This Is AuburnElectronic Theses and Dissertations

Fingerprinting-based Indoor Localization with Deep Neural Networks




Wang, Xiangyu

Type of Degree

PhD Dissertation


Electrical and Computer Engineering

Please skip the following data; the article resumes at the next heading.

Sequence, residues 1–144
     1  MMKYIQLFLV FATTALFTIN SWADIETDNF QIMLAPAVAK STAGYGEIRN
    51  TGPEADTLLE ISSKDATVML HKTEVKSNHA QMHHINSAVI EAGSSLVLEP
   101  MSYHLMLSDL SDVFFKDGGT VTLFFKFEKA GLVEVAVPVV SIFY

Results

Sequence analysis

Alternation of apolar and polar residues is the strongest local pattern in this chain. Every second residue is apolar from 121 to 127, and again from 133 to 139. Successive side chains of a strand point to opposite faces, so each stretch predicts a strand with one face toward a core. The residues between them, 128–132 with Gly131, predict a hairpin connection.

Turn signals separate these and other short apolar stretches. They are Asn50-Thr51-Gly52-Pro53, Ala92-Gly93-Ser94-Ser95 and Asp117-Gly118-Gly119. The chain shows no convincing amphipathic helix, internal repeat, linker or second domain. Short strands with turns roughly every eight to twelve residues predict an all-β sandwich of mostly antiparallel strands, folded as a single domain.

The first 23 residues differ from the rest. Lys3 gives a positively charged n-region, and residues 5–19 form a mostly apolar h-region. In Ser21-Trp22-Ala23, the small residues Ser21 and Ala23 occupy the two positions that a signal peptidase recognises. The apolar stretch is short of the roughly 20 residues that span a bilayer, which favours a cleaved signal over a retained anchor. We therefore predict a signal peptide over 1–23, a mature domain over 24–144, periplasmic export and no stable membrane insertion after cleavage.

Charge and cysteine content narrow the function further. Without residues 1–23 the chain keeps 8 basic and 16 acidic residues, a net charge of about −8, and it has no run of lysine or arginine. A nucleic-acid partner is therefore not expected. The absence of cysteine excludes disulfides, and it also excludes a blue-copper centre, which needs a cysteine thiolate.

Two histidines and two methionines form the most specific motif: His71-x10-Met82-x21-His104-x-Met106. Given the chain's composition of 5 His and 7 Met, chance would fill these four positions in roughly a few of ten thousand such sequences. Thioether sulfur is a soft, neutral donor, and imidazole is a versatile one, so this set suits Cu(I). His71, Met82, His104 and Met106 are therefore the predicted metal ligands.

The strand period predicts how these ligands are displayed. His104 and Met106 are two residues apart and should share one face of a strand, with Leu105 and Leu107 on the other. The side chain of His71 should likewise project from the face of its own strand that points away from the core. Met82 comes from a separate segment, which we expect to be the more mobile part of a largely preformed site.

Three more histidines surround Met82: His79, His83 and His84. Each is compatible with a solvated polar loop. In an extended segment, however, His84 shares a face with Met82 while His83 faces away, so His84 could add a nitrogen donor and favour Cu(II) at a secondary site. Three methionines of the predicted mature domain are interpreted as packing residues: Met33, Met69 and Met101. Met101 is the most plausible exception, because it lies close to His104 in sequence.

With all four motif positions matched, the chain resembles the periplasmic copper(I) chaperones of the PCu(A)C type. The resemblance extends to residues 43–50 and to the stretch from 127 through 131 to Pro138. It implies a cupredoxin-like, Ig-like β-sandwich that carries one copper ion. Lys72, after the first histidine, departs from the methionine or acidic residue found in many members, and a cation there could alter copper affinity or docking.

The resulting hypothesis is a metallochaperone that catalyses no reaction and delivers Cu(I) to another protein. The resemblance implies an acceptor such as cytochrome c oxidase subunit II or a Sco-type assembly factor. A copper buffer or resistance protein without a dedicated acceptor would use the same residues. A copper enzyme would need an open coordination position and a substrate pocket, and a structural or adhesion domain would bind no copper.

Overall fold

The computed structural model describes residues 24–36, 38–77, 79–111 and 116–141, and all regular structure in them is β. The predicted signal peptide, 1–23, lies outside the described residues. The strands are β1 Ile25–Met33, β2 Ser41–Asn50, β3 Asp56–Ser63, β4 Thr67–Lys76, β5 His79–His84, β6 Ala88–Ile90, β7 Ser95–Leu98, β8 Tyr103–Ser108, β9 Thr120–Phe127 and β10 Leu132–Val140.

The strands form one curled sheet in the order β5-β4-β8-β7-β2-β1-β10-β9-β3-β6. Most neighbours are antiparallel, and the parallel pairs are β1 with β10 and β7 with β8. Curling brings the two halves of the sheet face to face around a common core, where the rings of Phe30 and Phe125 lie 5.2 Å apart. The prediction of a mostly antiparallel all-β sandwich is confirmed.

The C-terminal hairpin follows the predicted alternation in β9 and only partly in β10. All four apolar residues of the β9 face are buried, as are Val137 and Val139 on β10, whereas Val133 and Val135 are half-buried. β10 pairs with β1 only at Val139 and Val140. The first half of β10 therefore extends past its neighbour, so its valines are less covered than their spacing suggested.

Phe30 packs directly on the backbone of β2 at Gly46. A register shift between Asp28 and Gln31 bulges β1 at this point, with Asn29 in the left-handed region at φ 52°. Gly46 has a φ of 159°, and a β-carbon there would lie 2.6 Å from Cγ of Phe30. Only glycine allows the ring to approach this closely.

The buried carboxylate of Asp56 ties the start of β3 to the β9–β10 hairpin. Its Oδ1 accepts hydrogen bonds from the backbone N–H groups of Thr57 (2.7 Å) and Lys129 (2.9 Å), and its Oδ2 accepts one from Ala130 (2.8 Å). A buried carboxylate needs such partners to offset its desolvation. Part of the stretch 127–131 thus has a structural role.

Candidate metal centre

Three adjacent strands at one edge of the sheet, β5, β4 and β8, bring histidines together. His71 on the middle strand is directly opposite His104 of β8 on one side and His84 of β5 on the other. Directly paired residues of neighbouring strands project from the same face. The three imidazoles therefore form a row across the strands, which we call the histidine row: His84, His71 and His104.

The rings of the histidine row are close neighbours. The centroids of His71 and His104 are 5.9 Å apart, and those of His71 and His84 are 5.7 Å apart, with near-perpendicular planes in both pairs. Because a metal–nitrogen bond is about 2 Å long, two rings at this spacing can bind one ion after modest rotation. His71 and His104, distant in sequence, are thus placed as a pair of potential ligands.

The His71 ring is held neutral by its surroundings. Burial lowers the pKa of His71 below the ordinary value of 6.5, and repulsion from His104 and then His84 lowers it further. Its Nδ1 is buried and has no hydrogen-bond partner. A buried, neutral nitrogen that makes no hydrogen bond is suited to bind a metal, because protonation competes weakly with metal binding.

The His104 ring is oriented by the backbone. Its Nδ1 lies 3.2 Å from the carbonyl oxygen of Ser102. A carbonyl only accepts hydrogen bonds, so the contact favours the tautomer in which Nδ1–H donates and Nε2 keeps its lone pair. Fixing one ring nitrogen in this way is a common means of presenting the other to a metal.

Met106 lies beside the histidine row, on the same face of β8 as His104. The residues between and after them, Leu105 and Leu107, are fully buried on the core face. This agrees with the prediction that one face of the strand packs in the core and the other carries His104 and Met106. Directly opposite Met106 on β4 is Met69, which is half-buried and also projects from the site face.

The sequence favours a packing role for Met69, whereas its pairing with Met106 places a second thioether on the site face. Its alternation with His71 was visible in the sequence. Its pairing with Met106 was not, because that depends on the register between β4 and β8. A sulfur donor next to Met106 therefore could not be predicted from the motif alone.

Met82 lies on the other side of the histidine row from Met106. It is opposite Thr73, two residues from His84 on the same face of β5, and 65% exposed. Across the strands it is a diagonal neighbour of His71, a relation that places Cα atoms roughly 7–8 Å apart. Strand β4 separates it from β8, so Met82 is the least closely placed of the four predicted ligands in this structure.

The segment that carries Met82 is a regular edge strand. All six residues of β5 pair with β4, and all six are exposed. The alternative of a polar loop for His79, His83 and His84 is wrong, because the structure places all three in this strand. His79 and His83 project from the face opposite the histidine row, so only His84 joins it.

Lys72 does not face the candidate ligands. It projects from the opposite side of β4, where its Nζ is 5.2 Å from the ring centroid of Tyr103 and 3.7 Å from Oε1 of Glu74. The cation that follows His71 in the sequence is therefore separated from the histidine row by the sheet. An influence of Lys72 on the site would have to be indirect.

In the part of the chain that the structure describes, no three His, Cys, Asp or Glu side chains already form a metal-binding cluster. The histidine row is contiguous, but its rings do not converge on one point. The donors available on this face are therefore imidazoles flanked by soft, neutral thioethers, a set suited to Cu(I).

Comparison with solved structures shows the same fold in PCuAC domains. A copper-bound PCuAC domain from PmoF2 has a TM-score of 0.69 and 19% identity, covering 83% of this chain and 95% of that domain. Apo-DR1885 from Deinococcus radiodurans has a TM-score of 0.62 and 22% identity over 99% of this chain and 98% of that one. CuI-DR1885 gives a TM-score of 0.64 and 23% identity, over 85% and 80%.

In recent years, more capabilities and applications have been added to existing wireless communication systems due to the rapid development of the Internet of Things(IoT). WiFi and RFID exhibits tremendous potential in this industry due to their prevalence and lowcost. Among the applications, indoor localization has been a popular field of research over the years, since it plays a vital role in resolving position-related challenges such as gesture recognition and human pose estimation. In the meantime, with the advancement of deep learning, researchers are attempting to integrate deep networks into indoor localization systems to take advantage of their superior ability to solve classification and regression problems. On the other hand, the fingerprint method emerges with its convenience and effectiveness, which transfers the localization problem into a feature matching to estimate the location of the signal. Thus, deep learning technique is a great complement to fingerprinting-based indoor localization systems. However, numerous intrinsic difficulties of fingerprinting-based localization systems remain unresolved even though the performance of indoor localization systems keeps improving with the iteration of deep networks. First, the distance between the stored fingerprints determines the minimum error of the fingerprinting-based localization system. To guarantee the lower-bound of the localization accuracy, as many fingerprints as possible have to be collected, which is laborious and time-consuming. Second, fingerprints are discrete signal space samples. As a result of the elimination of ambiguity between fingerprints, deep neural networks may produce counterintuitive location estimations, contrary to our expectations. To address such issues, the Deep Gaussian Process(DGP) is leveraged in this dissertation to generate a detailed radio signal map using a limited number of fingerprints. Then, the uncertainty information from DGP is adopted to train an LSTM model for enhancing the localization estimation by using the signal sequence. Furthermore, a novel network input, the hologram tensor, is employed for reserving the ambiguity between the fingerprints. In the last section, the threat of the adversarial attack to the fingerprints is investigated to promote the robustness of the localization system.